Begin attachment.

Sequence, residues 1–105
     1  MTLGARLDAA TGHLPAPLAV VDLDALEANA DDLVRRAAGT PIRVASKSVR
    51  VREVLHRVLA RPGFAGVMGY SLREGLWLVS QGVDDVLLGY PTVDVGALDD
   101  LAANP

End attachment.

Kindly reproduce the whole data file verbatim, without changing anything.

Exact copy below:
Sequence, residues 1–105
     1  MTLGARLDAA TGHLPAPLAV VDLDALEANA DDLVRRAAGT PIRVASKSVR
    51  VREVLHRVLA RPGFAGVMGY SLREGLWLVS QGVDDVLLGY PTVDVGALDD
   101  LAANP